City, County, Clergy Wrap Up Successful Demolition Campaign

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    The abandoned apartment building was known in the neighborhood as “The Carter” from the1991 crime thriller movie New Jack City.

    Like “The Carter,” the empty and blighted 30,000-square-foot apartment building in the 12000 block of Dexter, on Detroit’s northwest side,  was rife in its last days with drugs, gangs and violence.

    “There were a lot of murders there,” said Mac Thomas, 42, owner of Revelation’s Barber & Braids, at 12174 Dexter. “A lot of drug trafficking there.”

    Thomas, who said he had a family member murdered in the building, was glad to see the city and county tearing it down: “It’s time for that building to go,” he said.

    Flanked by clergy and community leaders, Wayne County Executive Robert Ficano told a large gathering at the July 20 event that the demolition was a successful culmination of a month and a half long campaign.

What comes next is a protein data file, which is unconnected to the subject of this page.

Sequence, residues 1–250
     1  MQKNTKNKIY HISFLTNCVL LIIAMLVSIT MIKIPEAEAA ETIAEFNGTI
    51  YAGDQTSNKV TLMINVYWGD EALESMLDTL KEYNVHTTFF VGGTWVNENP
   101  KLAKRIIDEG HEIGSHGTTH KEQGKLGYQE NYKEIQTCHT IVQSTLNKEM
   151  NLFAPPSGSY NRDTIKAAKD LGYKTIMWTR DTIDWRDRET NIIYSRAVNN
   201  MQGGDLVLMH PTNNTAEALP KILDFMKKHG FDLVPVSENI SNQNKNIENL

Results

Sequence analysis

“Over 400 abandoned and dangerous structures were demolished in close to 50 days,” Ficano said. “As former sheriff, I can tell you these kinds of structures are beds for crime and illegal activities.”

    Wayne County, in partnership with the City of Detroit and faith-based groups, targeted 450 structures for demolition throughout the city. The county allocated $4.5 million for the effort. The campaign began in May.

    The City of Detroit wants to tear down 3,000 structures in the next two years. The 450 houses targeted by Wayne County are among the 3,000 on Detroit’s demo list.

    Faith-based groups picked the houses to be demolished, targeting ones that were particularly dangerous to communities and families.

    “This is an exciting moment in our city and our community,” said Bishop P.A. Brooks of New St. Paul Tabernacle Church of God in Christ.

    The money used for this partnership is part of Wayne County’s $25.9 million Neighborhood Stabilization Program (NSP) allocation from the U.S. Department of Housing and Urban Development.

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